Cultural Revolution Campaigns (1966-1976)

Criticize the old world and build a new world with Mao Zedong Thought as a weapon, 1966

Criticize the old world and build a new world with Mao Zedong Thought as a weapon, 1966

The Cultural Revolution (文化大革命, Wenhua Dageming, 1966-1976) was a mass campaign of enormous dimensions. Aside from the general revolutionary high-tide that swept China, the period was marked by a large number of sub-campaigns. Indeed, whenever the situation called for a shift in orientation within the larger framework of the Cultural Revolution, this was engineered by setting in motion a new campaign. Factional struggles within the leadership also functioned as catalysts for campaigns.

Hold high the great red banner of Mao Zedong Thought to wage the Great Proletarian Cultural Revolution to the end--Revolution is no crime, to rebel is justified, ca. 1966

Hold high the great red banner of Mao Zedong Thought to wage the Great Proletarian Cultural Revolution to the end--Revolution is no crime, to rebel is justified, ca. 1966

Often, these sub-campaigns came so hard and fast that propaganda posters had to serve as the main source of information for the people. With the country in complete chaos, these images which contained clear and unambiguous indications of what behavior and slogans were acceptable at that particular moment, were seen as more dependable than the media. This was in particular the case in those localities where the "excellent revolutionary" situation that prevailed - according to the media, that is - had become completely unintelligible to the innocent bystander.

Overthrow Peng Dehuai, Luo Ruiqing, Chen Zaidao, Liao Laotan!, 1967

Overthrow Peng Dehuai, Luo Ruiqing, Chen Zaidao, Liao Laotan!, 1967

Locally produced posters are extremely interesting. Not only because they shed light on the local situation, but also from an artistic point of view. They are often striking in their simplicity of design and coloring, usually done in simple red, white and black, and are somewhat reminiscent of the block prints made in the war years. As such, they bear witness to the urgency of the times.

The 3 July and 24 July proclamations are Chairman Mao’s great strategic plans! Unite with forces that can be united with to strike surely, accurately and relentlessly at the handful of class enemies, 1968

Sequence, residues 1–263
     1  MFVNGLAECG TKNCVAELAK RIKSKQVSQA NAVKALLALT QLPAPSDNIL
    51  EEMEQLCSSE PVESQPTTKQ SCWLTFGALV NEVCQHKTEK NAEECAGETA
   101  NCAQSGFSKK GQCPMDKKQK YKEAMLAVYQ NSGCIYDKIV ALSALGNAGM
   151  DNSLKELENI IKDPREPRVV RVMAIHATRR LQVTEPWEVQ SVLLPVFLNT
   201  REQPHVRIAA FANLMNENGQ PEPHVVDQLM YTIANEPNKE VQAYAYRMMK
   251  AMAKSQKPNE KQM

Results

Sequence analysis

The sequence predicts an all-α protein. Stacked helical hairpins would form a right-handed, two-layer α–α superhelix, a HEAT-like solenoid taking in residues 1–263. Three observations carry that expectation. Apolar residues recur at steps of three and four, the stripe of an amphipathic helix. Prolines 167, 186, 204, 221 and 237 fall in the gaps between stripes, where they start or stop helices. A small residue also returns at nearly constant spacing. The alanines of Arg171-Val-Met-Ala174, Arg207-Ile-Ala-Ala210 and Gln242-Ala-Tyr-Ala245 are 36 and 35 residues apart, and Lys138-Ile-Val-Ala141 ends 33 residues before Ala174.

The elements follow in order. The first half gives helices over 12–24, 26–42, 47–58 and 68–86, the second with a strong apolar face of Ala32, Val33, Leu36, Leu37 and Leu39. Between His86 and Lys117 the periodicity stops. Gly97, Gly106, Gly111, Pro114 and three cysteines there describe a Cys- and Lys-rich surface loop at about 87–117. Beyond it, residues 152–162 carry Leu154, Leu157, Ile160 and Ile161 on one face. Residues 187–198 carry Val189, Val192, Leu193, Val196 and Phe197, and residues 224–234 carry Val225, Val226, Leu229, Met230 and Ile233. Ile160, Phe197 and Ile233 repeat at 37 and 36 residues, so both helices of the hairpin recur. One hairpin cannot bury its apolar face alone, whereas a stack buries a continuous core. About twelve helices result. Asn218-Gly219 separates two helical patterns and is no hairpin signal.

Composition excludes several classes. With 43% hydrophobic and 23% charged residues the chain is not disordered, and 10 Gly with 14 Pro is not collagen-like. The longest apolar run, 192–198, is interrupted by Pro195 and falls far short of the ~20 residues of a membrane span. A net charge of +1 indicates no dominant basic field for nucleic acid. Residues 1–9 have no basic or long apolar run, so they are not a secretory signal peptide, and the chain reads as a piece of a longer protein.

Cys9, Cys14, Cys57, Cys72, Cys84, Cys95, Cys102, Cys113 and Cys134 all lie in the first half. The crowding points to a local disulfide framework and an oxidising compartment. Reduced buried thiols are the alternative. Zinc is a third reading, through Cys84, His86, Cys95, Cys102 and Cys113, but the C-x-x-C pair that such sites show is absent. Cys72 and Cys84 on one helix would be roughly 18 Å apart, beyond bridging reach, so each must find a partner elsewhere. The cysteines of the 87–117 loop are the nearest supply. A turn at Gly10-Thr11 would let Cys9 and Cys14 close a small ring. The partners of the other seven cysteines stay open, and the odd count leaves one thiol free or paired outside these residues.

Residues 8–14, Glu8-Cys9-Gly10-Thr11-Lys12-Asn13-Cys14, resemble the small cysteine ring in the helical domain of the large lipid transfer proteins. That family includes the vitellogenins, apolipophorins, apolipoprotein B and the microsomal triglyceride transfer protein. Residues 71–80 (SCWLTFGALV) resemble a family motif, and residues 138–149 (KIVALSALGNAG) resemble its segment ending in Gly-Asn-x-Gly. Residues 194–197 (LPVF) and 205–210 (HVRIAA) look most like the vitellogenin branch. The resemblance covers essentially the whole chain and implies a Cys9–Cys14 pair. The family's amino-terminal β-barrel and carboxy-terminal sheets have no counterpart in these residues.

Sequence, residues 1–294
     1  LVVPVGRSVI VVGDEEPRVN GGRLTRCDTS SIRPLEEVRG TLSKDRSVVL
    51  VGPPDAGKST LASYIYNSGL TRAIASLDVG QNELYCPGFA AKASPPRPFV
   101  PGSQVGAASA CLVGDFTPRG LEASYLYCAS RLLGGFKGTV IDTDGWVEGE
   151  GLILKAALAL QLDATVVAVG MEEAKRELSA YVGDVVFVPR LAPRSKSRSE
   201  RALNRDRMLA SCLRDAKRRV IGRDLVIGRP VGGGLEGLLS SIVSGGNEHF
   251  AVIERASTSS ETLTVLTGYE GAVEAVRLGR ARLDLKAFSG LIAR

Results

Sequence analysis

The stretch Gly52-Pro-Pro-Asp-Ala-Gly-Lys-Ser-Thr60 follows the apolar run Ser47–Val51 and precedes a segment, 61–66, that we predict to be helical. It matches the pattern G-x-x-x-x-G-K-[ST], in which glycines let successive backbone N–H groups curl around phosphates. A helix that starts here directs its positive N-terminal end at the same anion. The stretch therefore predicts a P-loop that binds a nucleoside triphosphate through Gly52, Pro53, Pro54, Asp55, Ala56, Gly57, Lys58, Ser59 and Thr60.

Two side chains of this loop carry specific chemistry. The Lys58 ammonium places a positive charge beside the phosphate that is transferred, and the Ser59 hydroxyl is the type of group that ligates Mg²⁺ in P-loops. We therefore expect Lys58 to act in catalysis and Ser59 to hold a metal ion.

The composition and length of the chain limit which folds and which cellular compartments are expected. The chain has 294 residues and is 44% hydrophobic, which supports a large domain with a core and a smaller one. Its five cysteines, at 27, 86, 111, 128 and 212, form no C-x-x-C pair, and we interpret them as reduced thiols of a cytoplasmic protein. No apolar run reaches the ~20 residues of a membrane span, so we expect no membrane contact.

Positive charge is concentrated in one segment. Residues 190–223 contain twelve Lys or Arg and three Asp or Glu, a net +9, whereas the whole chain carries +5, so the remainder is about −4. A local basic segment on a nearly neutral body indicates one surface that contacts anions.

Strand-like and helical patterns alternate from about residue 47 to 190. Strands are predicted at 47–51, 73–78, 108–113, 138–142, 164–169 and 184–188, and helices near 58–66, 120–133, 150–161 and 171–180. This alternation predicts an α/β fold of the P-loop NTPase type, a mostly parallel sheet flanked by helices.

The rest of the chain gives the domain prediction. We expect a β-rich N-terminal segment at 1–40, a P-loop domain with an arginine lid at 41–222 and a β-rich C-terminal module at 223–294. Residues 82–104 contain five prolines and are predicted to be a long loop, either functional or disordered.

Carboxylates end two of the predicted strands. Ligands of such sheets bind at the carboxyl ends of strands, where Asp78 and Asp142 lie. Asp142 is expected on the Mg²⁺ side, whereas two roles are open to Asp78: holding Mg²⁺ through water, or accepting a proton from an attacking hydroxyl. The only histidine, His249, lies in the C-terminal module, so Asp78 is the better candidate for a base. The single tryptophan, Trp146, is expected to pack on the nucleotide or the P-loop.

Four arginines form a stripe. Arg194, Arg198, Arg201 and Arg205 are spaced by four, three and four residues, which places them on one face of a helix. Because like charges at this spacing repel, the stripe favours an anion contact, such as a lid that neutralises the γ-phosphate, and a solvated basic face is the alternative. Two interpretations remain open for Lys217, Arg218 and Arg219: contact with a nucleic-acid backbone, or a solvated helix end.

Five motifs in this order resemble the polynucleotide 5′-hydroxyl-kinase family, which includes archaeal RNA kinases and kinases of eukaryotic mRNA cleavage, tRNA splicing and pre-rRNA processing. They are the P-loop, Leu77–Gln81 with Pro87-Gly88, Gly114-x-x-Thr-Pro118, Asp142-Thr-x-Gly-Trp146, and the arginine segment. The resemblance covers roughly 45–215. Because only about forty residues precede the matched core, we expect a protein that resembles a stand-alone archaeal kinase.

The 3 July and 24 July proclamations are Chairman Mao’s great strategic plans! Unite with forces that can be united with to strike surely, accurately and relentlessly at the handful of class enemies, 1968

More posters from the Cultural Revolution years:

Joseph W. Esherick, Paul G. Pickowicz & Andrew G. Walder, The Chinese Cultural Revolution as History (Stanford: Stanford University Press, 2006)

Zhidong Hao, "Cultural Revolution Thinking in China: Its Development and Manifestation in Pingzhou County from Land Reform Onwards", Journal of Contemporary China 27:110 (2018), 295-311

Annie Le Cage, Turbulence in a Clear Sky -- In Beijing at the Dawn of the Cultural Revolution (Paris: Lacurne, 2014)

Julia Lovell, "The Cultural Revolution and Its Legacies in International Perspective", The China Quarterly 227 (2016), 632-652

Roderick MacFarquhar, The Origins of the Cultural Revolution, Vol. 1: Contradictions among the people, 1956-1957 (New York: Columbia University Press, 1974)

Roderick MacFarquhar, The Origins of the Cultural Revolution. Vol. 2: The Great Leap Forward, 1958-1960 (New York: Columbia University Press, 1983)

Roderick MacFarquhar, The Origins of the Cultural Revolution, Vol. 3: The coming of the cataclysm, 1961-1966 (New York: Columbia University Press, 1999)

Roderick MacFarquhar & Michael Schoenhals, Mao's last revolution (Cambridge: The Belknap Press of Harvard University Press, 2008)

Michael Schoenhals (ed.), China's Cultural Revolution, 1966-1969: Not a Dinner Party (Armonk: M. E. Sharpe, 1996)